BARTKO FIRM OBTAINS $845,114,000 JUDGMENT FOR ASML AGAINST XTAL, INC.
On Friday, May 3, 2019, a Santa Clara County Superior Court judge entered judgment in favor of ASML US, LLC and against XTAL, Inc. in the case ASML US, Inc. v. XTAL, Inc., Santa Clara Superior Court Case No. 16-CV-295051, in the amount of $845,114,000.00. The entry of judgment finalizes the verdict returned by the jury on November 28, 2018, in favor of ASML on all five claims pleaded by ASML in its Third Amended Complaint against XTAL for theft of trade secrets, inducing former employees to breach their contracts with ASML, aiding and abetting former employees to breach their fiduciary duty of loyalty to ASML, and multiple violations of California’s Computer Data Access and Fraud Act (Cal. Penal Code Section 502). The jury also found that XTAL’s conduct as to all counts was malicious, entitling ASML to an award of punitive damages on all counts and attorneys’ fees on its Penal Code and trade secret claims. ASML’s trial team from Bartko was led by Patrick M. Ryan, and he and Stephen Steinberg, Sean McTigue, and Brian Smith examined witnesses and gave argument during the trial, supported by attorneys Andrew Winetroub, Joseph Fraresso, Alden Lee, Rishi Gupta, and Chad DeVeaux. Patrick Ryan, Sean McTigue, and Richard Lapping of Trodella & Lapping LLP represented ASML’s interests in XTAL’s bankruptcy proceedings initiated just before judgment was about to be entered.
XTAL was founded in 2014 at least in part by two former ASML employees, who had worked in ASML’s Brion division, which is a leader in the computational lithography space. XTAL had significant financial backing from a consortium of wealthy international investors. While ASML was originally told that XTAL’s business did not include computational lithography, in fact, XTAL’s business not only encompassed computational lithography, but it unlawfully capitalized on ASML-Brion’s innovations in the field. As argued by Patrick Ryan at trial, “This case [was] about complicated software and hardware. But it [was] more about lies, theft, and betrayal.”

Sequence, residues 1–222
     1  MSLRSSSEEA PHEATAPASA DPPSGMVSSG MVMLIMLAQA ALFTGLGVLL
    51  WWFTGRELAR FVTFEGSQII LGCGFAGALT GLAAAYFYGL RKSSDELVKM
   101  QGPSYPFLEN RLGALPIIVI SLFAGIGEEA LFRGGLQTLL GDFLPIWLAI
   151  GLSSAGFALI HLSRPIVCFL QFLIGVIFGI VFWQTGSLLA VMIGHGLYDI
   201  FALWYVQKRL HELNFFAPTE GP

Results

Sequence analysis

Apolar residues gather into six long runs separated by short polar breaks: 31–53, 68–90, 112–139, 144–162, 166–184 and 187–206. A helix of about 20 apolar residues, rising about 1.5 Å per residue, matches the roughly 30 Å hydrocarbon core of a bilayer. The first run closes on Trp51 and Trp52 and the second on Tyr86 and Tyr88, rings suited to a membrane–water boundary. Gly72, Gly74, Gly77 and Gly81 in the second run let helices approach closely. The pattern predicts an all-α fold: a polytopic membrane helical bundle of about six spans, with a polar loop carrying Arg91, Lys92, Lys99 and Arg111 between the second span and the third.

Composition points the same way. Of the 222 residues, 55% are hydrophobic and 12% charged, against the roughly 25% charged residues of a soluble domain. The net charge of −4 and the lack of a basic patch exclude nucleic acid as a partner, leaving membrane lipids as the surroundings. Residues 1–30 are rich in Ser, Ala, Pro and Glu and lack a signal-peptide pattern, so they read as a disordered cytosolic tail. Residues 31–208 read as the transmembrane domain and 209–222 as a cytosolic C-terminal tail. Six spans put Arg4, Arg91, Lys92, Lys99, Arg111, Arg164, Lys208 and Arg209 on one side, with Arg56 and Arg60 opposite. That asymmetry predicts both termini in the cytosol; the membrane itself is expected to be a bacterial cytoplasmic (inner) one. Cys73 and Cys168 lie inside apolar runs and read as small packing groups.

The lawsuit alleged that XTAL induced ASML employees to secretly work for XTAL, steal trade secrets and other confidential information, and help XTAL obtain a lucrative contract with one of ASML’s largest customers. XTAL then used the stolen information to jumpstart its competing computational lithography business, accelerating its development well beyond what would have otherwise been possible.
With this judgment, ASML demonstrates its commitment to protecting its intellectual property. In fact, XTAL’s lawyer tried to defeat ASML’s trade secret claim by arguing that ASML did not make reasonable efforts to protect its trade secrets. But ASML presented overwhelming evidence of the numerous steps ASML took to protect its trade secrets and other confidential information, including expert opinion evidence that ASML’s security measures are better than many Silicon Valley technology companies. The jury agreed with ASML, expressly finding that, as to all of ASML’s trade secrets: “ASML made reasonable efforts under the circumstances to keep those items secret.”
Patrick M. Ryan reacts to the judgment, stating: “ASML’s $845 million judgment against XTAL sends a powerful message to competitors and the world that ASML vigorously protects its valuable intellectual property, including trade secrets, and that it is prepared to prosecute cases—even through a jury trial—against anyone who violates ASML’s intellectual property rights.”
Bartko, on ASML’s behalf, presented a groundbreaking damages theory contending that XTAL was unjustly enriched by the amount of research and development it saved by virtue of the trade secret theft and other wrongful actions. This theory has the advantage of not requiring a showing of any out-of-pocket losses and instead focuses on how much the defendant would have spent had it developed the technology without stealing it. Pursuing such a theory allows plaintiffs to go after significant damages from thieves who have stolen trade secrets, but have not yet had time to fully monetize what they took. In the end, while the jury did award $1.2 million in investigation costs, ASML did not claim much in the way of out-of-pocket damages; rather, saved research and development was the primary driver behind the jury’s verdict and the $845 million judgment. The judgment will be largely uncollectable, but ASML will end up owning most, if not all, of XTAL’s IP through the bankruptcy process.
In addition to the $845 million judgment, the trial court issued an injunction barring XTAL from continued work in the same field of business as ASML for a certain period of time.
See attached Daily Journal and The Recorder articles.